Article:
339% increase in anti-Asian hate crime in 2021

NewsNation PRIME

(NewsNation Now) — A recent report from the Center for the Study of Hate and Extremism says anti-Asian hate crimes increased by more than 300 percent in 2021.

“It’s a difficult time right now,” Amanda Nguyen, the CEO/Founder of Rise, said Sunday on “NewsNation Prime.” “And we are still trying to figure out motives. We’re trying to figure out how things can be solved.”

Just within the last month, two violent incidents in New York City have brought the issue to the fore.

This month. 35-year-old Christina Lee was found stabbed to death in her bathtub. A man was captured on surveillance video following her inside her apartment late at night. He was arrested soon after.

Last month, 40-year-old Michelle Go was waiting to catch the subway in Times Square when she was pushed from behind directly into an oncoming train.

“Something we know to be true and has been true all along is that we have been consistently facing these crimes as APPI (Asian-American and Pacific Islanders) community and as APPI women, and that we are healing from this pain,” Nguyen said.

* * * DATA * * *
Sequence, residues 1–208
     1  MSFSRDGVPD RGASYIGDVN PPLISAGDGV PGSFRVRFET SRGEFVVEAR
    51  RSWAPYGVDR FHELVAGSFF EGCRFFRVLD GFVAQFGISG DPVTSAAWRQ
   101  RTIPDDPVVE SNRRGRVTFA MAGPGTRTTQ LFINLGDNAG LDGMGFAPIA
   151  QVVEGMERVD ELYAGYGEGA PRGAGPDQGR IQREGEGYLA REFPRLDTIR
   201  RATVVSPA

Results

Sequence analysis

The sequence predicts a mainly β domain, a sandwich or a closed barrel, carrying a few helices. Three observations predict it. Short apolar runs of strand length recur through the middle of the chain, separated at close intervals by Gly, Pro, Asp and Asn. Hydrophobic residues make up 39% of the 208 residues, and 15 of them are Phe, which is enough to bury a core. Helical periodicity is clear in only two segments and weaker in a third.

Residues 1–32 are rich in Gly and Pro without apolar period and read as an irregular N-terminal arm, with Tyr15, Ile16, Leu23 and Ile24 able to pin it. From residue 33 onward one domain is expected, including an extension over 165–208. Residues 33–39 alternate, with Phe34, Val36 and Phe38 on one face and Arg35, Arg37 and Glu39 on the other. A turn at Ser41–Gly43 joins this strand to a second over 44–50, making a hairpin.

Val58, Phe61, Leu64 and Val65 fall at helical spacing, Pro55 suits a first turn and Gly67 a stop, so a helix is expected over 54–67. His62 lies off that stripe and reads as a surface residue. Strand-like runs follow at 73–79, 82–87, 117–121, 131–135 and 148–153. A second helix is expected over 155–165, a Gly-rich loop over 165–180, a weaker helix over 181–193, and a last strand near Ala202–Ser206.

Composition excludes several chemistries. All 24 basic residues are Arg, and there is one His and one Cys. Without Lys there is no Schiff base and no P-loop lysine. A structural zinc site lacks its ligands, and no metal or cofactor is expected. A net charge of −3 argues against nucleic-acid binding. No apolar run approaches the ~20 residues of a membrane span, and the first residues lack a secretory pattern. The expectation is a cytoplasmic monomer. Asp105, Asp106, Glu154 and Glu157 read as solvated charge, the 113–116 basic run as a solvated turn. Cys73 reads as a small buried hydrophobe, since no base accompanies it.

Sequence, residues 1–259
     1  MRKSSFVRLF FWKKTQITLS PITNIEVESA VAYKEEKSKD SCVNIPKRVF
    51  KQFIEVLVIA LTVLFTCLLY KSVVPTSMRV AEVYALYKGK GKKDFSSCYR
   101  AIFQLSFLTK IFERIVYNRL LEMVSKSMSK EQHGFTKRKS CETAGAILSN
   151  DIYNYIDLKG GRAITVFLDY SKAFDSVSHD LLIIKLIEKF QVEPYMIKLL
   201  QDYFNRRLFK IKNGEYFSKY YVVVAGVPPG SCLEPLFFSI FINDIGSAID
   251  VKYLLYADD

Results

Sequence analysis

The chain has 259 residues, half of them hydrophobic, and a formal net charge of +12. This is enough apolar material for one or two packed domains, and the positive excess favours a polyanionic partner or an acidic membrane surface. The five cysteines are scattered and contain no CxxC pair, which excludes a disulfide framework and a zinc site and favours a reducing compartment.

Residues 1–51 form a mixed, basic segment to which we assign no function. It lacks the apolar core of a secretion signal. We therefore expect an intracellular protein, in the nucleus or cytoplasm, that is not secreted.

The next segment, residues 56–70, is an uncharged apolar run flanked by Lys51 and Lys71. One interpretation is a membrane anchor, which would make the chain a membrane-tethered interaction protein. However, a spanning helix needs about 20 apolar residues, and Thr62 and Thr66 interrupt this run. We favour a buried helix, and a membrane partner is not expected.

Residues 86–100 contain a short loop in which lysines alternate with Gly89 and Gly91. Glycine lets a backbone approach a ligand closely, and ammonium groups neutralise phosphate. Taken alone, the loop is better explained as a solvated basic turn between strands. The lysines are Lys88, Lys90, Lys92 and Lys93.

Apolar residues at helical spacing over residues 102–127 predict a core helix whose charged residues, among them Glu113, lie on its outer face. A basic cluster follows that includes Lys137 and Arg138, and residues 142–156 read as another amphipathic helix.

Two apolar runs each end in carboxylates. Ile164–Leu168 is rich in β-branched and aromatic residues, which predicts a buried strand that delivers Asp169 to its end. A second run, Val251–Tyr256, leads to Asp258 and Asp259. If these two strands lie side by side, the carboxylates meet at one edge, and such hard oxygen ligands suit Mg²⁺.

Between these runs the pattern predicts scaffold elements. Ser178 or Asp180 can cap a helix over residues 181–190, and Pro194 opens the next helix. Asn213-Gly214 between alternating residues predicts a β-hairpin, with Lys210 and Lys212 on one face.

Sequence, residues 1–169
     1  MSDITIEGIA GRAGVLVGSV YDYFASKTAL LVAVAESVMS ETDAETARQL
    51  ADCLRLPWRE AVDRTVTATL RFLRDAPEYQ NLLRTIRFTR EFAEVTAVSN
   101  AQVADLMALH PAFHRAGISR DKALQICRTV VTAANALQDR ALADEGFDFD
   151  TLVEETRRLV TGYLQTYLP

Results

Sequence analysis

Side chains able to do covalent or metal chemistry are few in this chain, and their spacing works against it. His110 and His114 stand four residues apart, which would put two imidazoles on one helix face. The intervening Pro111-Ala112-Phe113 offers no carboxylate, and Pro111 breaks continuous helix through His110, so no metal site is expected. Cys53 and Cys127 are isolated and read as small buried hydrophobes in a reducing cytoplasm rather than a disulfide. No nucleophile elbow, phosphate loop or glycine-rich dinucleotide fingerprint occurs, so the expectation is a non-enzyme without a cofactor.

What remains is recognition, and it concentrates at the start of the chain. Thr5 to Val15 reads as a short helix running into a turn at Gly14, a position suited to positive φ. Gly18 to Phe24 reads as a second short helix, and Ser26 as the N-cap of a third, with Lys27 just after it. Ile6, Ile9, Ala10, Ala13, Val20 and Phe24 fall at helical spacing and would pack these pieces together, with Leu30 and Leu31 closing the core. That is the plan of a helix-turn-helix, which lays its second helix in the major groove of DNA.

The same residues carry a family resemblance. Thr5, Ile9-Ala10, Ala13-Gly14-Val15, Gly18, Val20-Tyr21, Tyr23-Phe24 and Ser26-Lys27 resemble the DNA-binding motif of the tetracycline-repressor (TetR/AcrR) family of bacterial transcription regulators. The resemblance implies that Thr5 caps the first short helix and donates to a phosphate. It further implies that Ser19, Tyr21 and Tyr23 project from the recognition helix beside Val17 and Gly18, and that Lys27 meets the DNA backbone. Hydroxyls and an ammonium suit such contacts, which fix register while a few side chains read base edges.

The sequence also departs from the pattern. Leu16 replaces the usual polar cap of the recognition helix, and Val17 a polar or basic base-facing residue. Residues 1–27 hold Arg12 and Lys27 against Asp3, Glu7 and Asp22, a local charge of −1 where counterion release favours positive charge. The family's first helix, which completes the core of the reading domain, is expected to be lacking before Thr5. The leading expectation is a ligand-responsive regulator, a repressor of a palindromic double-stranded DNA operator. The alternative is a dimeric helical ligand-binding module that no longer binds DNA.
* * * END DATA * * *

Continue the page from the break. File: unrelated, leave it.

At this point, there is no evidence that the two women in New York were targeted because they were Asian, but there is no question that crimes against the AAPI community have increased.

“Just to put things into context, Stop AAPI Hate had 78% of Asian-American women experiencing hate the past two years and a statistic from APPI Women Lead show that 60% of APPI women are survivors of sexual or domestic violence,” Nguyen said.

Nguyen believes stereotypes are part of the reason.

“Unfortunately, the model minority myth, yellow fever, or even the perpetual foreigner stereotype, all of these things have existed long before the pandemic,” Nguyen said.

To combat the issue, she wants more people to become educated on AAPI history.

“Teaching people that we are not foreigners, but we are your brothers and sisters, your community members … I think should be prioritized by policymakers,” Nguyen said. “You absolutely can make a difference. You can support AAPI businesses, you can diversify your social media feed. There are so many things you can do — small steps that can start the healing.”

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